When, where and how did he say that all Nigerians are criminals?
Secondly, the number of Nigerians in foreign prisons for drugs trafficking, human trafficking and fraud IS high. If I were a president, then I would say ONE Nigerian in prison is one too many. He is right to be concerned. He is right to speak on it. He however did counter the statement by saying: “We have an image problem abroad and we are on our way to salvage that”
I can’t understand Nigerians getting their titties in a flap over this when the man is saying the truth. What did you expect? Inane mutterings about “Yes, we do have some fraudsters, but you see….yams…goats…what can one do”?
Anybody outside of Nigeria who has ever tried to travel on a non-Nigerian passport knows how many times their passport is scanned under the weird light thingie before being let through. Any Nigerian outside Nigeria who has ever worked for the financial or security sector (I no talk funky gateman standing outside Zara o!) knows that they are monitored closer than most of their colleagues.
Most Naija yahoo boys are no longer even sending those scam emails anymore – most of the emails come from Eastern Europe and Eastern Africa now, and yet they are still referred to on the international scene as “Nigerian scam or 419.” I mean, this is what Wikipedia had to say in the definition of advance fee fraud:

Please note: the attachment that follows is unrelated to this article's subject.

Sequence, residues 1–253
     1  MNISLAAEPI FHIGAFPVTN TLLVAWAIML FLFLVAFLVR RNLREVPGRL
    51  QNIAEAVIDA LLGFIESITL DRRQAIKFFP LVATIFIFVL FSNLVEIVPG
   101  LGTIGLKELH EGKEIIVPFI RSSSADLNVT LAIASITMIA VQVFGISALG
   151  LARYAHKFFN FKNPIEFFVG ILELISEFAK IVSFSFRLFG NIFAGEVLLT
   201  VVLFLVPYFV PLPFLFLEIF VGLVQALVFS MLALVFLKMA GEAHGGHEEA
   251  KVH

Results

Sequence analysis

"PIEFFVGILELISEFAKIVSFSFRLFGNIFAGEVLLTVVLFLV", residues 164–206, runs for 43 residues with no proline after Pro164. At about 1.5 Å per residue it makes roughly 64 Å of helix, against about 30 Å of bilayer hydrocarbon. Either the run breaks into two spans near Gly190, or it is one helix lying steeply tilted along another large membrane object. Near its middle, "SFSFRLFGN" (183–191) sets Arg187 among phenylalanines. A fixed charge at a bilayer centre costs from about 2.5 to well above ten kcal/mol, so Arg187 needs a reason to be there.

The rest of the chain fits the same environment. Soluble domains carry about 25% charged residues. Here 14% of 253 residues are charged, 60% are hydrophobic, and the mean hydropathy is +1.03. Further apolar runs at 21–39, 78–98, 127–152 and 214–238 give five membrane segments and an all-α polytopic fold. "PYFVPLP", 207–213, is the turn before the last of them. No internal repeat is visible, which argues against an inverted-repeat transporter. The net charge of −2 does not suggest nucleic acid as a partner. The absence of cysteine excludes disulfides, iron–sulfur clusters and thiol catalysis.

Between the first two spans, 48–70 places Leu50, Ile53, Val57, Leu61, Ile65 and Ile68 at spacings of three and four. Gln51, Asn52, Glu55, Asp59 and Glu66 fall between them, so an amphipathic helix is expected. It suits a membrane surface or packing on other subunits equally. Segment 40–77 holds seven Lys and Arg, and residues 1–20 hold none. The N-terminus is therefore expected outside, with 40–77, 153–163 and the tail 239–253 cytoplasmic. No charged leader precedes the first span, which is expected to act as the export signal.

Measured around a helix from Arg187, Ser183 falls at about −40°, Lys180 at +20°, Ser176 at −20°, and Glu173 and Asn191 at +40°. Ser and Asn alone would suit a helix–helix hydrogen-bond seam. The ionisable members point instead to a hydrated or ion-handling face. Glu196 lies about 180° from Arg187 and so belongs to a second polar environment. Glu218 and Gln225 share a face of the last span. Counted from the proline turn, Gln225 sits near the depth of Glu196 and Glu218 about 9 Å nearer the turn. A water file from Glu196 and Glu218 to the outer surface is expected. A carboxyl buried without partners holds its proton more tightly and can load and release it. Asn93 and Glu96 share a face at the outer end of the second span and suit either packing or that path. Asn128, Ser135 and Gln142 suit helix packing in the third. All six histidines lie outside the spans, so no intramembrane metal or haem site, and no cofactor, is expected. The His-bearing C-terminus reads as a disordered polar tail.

The scam messages often claim to originate in Nigeria, but usually this is not true. The number “419” refers to the section of the Nigerian Criminal Code dealing with fraud, the charges and penalties for offenders.…One reason Nigeria may have been singled out is the apparently comical, almost ludicrous nature of the promise of West African riches from a Nigerian prince. According to Cormac Herley, a researcher for Microsoft, “By sending an email that repels all but the most gullible, the scammer gets the most promising marks to self-select.” Nevertheless, Nigeria has earned a reputation as being at the center of email scammers, and the number 419 refers to the article of the Nigerian Criminal Code (part of Chapter 38: “Obtaining property by false pretenses; Cheating“) dealing with fraud. In Nigeria, scammers use computers in Internet cafés to send mass emails promising potential victims riches or romance, and to trawl for replies. They refer to their targets as Magas, slang developed from a Yoruba word meaning “fool”. Some scammers have accomplices in the United States and abroad that move in to finish the deal once the initial contact has been made